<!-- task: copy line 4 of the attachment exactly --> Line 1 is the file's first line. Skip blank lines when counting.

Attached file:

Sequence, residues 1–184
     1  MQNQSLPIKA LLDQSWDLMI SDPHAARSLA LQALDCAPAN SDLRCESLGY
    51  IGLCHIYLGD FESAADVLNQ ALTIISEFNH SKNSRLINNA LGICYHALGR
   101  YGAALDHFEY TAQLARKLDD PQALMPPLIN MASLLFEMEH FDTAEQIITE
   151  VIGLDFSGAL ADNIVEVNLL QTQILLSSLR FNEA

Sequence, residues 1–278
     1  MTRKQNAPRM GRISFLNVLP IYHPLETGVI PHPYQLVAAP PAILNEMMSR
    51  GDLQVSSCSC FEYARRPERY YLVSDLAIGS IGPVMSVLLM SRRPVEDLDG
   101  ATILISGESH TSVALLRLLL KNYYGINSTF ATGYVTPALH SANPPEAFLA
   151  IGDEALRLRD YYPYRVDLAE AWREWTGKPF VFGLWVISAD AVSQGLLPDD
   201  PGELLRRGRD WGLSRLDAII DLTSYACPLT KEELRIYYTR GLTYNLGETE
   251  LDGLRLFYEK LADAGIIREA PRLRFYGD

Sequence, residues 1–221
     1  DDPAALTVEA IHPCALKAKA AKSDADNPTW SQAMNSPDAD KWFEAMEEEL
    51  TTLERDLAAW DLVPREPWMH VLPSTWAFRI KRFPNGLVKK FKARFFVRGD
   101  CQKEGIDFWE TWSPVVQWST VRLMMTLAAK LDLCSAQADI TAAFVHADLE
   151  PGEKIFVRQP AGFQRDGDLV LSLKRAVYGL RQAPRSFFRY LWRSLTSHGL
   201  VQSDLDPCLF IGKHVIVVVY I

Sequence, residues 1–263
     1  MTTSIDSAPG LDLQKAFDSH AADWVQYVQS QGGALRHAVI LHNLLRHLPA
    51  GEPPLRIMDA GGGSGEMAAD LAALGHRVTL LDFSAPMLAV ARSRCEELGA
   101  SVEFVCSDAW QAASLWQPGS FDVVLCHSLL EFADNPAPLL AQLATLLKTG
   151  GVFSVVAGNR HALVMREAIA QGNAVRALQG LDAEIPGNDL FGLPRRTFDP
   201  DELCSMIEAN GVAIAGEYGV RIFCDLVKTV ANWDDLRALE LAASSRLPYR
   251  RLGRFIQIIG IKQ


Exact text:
   101  YGAALDHFEY TAQLARKLDD PQALMPPLIN MASLLFEMEH FDTAEQIITE